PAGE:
Tagged: Battle For Zendikar

BFZ Hindsight – Black, Red, Green, Misc

We’re back, and this time it’s personnel.


Rolling Thunder Dragonmaster Outcast

What’s it tell you when the red cards that stand out at me as pickups are reprints? Neither of these cards are bad, not by any means, though Dragonmaster Outcast is just on the cusp of interesting versus great. Like, I might throw the DMO into an otherwise ramp deck as a singleton tool I could tutor up, or a midrangey deck that’s designed to have some late-game oomph, or something like that. Thing is, if I never play with either card, well… I’m not missing that much.


From Beyond

I’ve been told this card can be sacrificed to tutor up Eldrazi, but by gods I’ve never seen it. A neverending chain of 1/1s isn’t the most thrilling force in the world, but there are enough options in green to go wide that can make it worthwhile. I personally like this as a component in Paradox Haze decks, where you want to have as busy an upkeep as possible.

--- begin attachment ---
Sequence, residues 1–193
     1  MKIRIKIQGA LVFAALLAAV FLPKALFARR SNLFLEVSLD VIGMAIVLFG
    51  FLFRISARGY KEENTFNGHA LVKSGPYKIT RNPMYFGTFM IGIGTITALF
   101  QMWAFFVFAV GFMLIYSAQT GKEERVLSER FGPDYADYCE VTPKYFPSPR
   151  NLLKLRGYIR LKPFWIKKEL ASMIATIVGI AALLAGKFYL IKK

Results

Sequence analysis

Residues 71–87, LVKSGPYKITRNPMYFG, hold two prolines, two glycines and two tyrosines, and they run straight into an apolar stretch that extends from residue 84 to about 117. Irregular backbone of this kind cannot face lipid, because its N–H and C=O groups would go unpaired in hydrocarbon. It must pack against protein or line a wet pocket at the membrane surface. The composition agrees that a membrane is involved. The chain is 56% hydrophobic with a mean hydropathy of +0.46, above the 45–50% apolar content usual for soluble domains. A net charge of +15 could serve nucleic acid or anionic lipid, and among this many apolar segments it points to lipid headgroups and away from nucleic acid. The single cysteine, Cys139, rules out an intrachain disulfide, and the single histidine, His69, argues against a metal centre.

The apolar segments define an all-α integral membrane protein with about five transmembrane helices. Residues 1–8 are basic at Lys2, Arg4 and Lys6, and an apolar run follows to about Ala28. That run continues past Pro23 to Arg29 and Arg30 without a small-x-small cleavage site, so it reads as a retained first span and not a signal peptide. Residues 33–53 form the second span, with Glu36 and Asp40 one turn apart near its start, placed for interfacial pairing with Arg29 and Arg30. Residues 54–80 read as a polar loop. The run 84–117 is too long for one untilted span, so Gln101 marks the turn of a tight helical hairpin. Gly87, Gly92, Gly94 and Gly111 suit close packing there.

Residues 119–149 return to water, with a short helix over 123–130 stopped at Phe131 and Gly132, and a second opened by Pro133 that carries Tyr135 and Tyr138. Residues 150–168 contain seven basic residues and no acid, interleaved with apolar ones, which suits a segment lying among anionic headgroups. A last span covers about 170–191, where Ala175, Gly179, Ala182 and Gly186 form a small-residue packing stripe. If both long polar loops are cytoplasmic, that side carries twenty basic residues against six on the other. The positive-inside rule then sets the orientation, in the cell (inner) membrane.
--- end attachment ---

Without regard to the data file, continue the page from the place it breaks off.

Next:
Retreat to Kazandu

The cheapest of these and the one that’s more generally useful! I like this one with Fertilid.

Rot Shambler

The Green, Not-Quite-As-Nice Zulaport Cutthroat. Still, the Rot Shambler is cheap and it’s functional. There are a few of this card raound, including Unruly Mob in white, but this is the one that’s in Green, and at this price. You might cut Rot Shamblers early in a deck, but you should at least have had them in there at some point.


Brutal Expulsion